They should be fed a mix of frozen meaty foods like Mysis shrimp and brine shrimp.
What do you feed a sand sifting Goby?
Sand sifting gobies are carnivores and should be fed a diet specific to meaty foods.
Good choices include a mix of frozen and live foods including Mysis shrimp, brine shrimp, live blackworms, and other prepared foods for carnivores.
As mentioned, sand sifting gobies will eat leftover foods as they sift through the sand. Pellets and flake foods that are uneaten from other fish will usually be eaten by gobies.
They might take a while to start eating in your tank but once they start, they are not difficult to feed.
What is the best sand for gobies?
It’s very important to only use fine sand in your tank with sand sifting gobies. This is so the goby doesn’t damage their gills as they sift through the sand.
Fine sand that has a 0.5 – 1.7mm size is required. Anything larger can be harmful to them.
Caribsea Fiji Pink sand is a great choice for sand sifting gobies. It has a grain size of 0.5 – 1.5mm which is perfect for them.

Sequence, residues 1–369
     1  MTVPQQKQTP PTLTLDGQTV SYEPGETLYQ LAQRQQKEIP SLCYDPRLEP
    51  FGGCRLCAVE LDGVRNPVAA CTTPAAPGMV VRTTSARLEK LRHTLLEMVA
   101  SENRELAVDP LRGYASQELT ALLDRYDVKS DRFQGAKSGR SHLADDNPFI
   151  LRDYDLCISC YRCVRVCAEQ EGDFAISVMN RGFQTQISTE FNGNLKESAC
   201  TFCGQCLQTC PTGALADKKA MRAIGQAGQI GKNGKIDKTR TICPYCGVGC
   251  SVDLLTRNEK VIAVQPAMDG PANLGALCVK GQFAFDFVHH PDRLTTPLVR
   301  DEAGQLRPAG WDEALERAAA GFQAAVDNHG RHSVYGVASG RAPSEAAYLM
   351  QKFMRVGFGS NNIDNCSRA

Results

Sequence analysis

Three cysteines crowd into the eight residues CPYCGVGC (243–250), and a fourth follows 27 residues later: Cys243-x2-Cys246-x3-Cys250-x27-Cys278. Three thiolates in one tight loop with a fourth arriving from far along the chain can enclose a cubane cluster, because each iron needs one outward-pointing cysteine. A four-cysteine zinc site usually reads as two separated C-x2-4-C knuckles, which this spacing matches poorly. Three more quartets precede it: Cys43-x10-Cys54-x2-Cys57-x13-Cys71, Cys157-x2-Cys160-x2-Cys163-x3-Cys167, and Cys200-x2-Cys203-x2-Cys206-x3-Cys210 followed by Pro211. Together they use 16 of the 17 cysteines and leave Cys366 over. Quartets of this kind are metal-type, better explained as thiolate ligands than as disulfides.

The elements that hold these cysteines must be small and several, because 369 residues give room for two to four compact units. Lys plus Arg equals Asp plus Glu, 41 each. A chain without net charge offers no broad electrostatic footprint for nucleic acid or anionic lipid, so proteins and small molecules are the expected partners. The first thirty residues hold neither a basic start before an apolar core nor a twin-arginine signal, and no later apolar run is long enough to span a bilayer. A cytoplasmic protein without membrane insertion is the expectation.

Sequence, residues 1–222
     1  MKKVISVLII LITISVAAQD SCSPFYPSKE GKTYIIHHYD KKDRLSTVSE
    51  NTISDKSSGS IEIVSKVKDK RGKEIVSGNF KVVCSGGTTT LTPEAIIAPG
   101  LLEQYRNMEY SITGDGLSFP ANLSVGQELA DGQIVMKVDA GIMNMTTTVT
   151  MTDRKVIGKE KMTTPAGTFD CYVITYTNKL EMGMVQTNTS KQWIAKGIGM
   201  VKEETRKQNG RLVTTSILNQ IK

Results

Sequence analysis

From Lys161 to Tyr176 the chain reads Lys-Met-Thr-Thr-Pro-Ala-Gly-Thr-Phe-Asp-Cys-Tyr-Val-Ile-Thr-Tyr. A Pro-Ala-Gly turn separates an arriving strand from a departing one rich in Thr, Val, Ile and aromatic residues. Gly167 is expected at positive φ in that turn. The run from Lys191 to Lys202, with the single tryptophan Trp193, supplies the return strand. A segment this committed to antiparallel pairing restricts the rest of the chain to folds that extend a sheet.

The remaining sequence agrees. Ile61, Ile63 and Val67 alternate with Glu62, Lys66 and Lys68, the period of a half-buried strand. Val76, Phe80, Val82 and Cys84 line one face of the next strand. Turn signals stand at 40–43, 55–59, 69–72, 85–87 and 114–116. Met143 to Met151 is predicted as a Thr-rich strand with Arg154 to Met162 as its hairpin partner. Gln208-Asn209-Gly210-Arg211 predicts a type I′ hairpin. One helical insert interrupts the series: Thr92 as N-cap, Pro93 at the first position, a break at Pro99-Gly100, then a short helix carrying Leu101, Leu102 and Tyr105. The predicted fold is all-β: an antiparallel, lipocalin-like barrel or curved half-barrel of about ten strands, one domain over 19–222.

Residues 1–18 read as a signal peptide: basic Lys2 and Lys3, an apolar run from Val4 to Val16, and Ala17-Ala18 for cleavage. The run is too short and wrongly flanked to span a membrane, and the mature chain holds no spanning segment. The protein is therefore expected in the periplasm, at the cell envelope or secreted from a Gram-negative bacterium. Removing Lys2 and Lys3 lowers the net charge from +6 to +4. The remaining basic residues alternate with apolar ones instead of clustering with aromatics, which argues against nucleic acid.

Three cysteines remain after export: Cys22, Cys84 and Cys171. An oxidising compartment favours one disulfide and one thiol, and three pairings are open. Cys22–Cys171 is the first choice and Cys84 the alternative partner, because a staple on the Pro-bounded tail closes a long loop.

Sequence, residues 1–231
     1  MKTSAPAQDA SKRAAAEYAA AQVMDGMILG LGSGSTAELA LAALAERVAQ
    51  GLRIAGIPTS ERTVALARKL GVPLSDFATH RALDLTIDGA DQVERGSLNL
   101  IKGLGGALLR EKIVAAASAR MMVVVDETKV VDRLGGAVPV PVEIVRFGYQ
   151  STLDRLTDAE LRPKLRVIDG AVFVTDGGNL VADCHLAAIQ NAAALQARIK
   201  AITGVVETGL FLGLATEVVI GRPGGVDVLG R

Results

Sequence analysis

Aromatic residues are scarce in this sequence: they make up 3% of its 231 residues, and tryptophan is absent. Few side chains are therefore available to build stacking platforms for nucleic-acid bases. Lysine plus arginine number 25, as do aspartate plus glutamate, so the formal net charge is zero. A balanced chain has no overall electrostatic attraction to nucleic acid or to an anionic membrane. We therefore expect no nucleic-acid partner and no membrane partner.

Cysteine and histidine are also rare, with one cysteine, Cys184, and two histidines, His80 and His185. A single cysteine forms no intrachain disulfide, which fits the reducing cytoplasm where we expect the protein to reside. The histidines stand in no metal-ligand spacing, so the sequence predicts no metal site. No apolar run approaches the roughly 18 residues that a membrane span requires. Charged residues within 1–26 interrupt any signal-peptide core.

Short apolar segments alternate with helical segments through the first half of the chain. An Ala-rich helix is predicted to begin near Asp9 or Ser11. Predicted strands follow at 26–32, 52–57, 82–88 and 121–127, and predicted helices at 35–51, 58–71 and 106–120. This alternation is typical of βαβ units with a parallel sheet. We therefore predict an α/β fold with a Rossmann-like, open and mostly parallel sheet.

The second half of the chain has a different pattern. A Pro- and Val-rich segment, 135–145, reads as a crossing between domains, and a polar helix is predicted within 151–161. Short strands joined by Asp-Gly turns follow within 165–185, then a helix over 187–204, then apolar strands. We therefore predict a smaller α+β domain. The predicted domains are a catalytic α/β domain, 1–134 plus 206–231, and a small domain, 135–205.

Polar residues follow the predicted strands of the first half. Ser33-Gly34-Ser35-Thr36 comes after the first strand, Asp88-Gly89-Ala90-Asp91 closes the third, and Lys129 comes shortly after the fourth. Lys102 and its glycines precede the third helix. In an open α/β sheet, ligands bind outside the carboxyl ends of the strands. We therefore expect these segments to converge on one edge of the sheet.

You can buy this sand on Amazon here.
How much sand do you need for gobies?
Live sand beds are necessary for gobies as they rely on it for food. The sand bed needs to be deep enough for them to be able to sift through it.
A sand depth of 1”-2” is sufficient.
Some people love to have a deep sand bed, but it is not advised if you have a goby. It is possible for dangerous toxins to be released into the tank as the Goby sifts through the sand.
Keeping the sand bed under 2” is best if you plan to keep a sand sifting goby.
What is the best sand sifting Goby for nano tanks?
If you have a nano tank, let’s say under 30 gallons in size, there are certain sand sifting gobies that are better suited than others.
Some gobies that only grow to a size of 3” or 4” will be suitable for a 30-gallon tank.